Maximum power point tracking under realistic operating conditions

David Infield, Maria Carla Di Vincenzo

Research output: Chapter in Book/Report/Conference proceedingConference contribution book

1304 Downloads (Pure)

Abstract

The process of tracking the Maximum Power Point (MPP), known as MPPT, becomes problematic under realistic operating conditions due to the potential for there to be more than one local maxima. A very detailed physics based model has been developed for a PV module (in this application a PV roof tile) using the Orcad platform for PSpice. This model is unusual in that it properly
represents partial module shading and cell temperature variation. The PV roof tile, based on polycrystalline silicon cells, comprises 18 series-connected cells. In the model, each cell is represented by a standard two-diode sub-model, for which different levels of radiation and cell temperature can be simulated to obtain a realistic overall I-V characteristic for the module. The model can be extended to model any reasonable number of PV roof tiles wired in series and parallel to form a roof array. The IV characteristics calculated in this way using PSpice will be validated using an outdoor PV roof test system located at the University of Strathclyde, Glasgow.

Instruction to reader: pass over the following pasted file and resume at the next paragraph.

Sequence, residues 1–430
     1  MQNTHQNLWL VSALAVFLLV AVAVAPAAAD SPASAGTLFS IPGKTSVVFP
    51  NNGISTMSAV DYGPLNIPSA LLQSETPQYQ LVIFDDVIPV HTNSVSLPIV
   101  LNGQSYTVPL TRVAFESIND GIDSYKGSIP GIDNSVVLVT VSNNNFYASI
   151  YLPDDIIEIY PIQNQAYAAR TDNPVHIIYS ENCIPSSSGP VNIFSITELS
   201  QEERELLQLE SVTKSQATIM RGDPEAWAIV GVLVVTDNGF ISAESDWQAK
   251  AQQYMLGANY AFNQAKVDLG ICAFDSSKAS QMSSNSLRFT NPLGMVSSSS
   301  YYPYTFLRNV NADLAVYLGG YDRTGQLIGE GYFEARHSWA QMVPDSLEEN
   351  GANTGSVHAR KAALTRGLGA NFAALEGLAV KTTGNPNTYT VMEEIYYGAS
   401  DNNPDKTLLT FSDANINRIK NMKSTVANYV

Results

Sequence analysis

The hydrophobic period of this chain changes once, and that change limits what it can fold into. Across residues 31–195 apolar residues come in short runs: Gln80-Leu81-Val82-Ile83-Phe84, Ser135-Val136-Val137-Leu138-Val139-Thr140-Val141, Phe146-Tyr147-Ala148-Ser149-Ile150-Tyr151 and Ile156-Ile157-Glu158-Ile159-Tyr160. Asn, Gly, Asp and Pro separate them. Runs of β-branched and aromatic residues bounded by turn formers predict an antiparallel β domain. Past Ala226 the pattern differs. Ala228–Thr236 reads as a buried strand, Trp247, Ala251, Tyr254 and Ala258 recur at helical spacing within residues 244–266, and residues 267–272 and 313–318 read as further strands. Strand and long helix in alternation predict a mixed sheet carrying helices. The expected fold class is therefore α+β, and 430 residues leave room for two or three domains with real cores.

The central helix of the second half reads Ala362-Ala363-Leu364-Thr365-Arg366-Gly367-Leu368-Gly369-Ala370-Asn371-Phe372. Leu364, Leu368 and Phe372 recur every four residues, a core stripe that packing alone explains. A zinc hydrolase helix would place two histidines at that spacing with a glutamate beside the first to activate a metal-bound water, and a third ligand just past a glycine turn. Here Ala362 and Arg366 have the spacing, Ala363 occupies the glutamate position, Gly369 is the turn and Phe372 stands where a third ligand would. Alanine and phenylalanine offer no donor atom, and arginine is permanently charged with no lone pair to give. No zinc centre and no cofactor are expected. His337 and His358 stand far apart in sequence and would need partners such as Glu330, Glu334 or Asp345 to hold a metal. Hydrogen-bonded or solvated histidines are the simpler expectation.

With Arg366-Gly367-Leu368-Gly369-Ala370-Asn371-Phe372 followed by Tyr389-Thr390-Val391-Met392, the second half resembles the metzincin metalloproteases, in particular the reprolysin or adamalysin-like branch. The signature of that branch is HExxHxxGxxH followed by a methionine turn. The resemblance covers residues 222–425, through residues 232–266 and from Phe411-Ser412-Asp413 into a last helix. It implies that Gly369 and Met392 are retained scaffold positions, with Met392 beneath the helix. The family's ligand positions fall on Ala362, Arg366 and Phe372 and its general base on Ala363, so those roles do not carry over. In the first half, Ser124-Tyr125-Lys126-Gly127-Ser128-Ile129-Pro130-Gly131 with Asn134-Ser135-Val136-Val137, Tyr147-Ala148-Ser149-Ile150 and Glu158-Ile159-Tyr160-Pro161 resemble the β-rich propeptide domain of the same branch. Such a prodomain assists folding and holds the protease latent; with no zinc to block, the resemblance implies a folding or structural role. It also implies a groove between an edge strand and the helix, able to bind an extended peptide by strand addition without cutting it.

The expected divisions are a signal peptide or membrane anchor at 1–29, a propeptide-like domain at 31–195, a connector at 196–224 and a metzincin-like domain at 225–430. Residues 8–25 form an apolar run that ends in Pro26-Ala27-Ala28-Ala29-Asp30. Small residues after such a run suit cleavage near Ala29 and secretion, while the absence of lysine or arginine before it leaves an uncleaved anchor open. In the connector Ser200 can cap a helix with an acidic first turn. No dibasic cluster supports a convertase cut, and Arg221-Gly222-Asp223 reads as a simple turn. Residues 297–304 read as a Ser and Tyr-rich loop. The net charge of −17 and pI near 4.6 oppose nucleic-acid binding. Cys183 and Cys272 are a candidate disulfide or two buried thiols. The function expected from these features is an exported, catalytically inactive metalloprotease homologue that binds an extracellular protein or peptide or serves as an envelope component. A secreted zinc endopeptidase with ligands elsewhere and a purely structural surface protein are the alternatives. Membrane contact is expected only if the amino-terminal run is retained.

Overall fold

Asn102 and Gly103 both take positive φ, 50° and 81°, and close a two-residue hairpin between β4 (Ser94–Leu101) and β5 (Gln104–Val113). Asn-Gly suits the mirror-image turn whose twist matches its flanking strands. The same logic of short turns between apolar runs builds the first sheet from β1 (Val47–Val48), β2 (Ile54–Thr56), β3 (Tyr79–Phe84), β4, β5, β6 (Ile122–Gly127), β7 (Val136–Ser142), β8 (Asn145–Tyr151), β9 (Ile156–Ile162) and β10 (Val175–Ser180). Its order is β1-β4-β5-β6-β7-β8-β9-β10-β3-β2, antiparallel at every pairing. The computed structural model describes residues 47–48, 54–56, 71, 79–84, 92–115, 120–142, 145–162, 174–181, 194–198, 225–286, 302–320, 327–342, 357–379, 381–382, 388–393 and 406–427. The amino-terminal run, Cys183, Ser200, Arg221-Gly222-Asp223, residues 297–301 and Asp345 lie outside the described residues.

Original languageEnglish
Title of host publicationCISBAT 2009 Proceedings
Subtitle of host publicationRenewables in a changing climate from nano to urban state
Place of PublicationLausanne
Pages531-536
Number of pages6
Publication statusPublished - 2009

Keywords

  • maximum
  • power point tracking
  • realistic operating conditions
  • PSpice

Fingerprint Dive into the research topics of 'Maximum power point tracking under realistic operating conditions'. Together they form a unique fingerprint.

  • Cite this

    Infield, D., & Di Vincenzo, M. C. (2009). Maximum power point tracking under realistic operating conditions. In CISBAT 2009 Proceedings: Renewables in a changing climate from nano to urban state (pp. 531-536).